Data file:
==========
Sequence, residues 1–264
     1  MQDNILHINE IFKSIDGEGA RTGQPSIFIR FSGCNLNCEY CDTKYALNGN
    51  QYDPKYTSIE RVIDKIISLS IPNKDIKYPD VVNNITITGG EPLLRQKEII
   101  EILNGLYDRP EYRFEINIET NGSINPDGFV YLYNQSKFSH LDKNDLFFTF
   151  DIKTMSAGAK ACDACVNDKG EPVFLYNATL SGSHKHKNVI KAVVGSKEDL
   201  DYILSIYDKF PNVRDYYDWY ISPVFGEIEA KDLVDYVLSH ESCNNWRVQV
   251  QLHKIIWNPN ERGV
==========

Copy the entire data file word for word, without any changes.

Sequence, residues 1–264
     1  MQDNILHINE IFKSIDGEGA RTGQPSIFIR FSGCNLNCEY CDTKYALNGN
    51  QYDPKYTSIE RVIDKIISLS IPNKDIKYPD VVNNITITGG EPLLRQKEII
   101  EILNGLYDRP EYRFEINIET NGSINPDGFV YLYNQSKFSH LDKNDLFFTF
   151  DIKTMSAGAK ACDACVNDKG EPVFLYNATL SGSHKHKNVI KAVVGSKEDL
   201  DYILSIYDKF PNVRDYYDWY ISPVFGEIEA KDLVDYVLSH ESCNNWRVQV
   251  QLHKIIWNPN ERGV